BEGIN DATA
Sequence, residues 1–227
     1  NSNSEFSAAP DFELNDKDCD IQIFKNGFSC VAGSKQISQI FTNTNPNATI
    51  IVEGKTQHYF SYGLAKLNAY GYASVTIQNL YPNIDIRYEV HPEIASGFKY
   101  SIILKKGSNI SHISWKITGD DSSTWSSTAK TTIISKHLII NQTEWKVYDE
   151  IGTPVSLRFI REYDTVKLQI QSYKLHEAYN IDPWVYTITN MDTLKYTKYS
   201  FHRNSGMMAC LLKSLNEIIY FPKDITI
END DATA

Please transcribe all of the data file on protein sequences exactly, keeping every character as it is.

Sequence, residues 1–227
     1  NSNSEFSAAP DFELNDKDCD IQIFKNGFSC VAGSKQISQI FTNTNPNATI
    51  IVEGKTQHYF SYGLAKLNAY GYASVTIQNL YPNIDIRYEV HPEIASGFKY
   101  SIILKKGSNI SHISWKITGD DSSTWSSTAK TTIISKHLII NQTEWKVYDE
   151  IGTPVSLRFI REYDTVKLQI QSYKLHEAYN IDPWVYTITN MDTLKYTKYS
   201  FHRNSGMMAC LLKSLNEIIY FPKDITI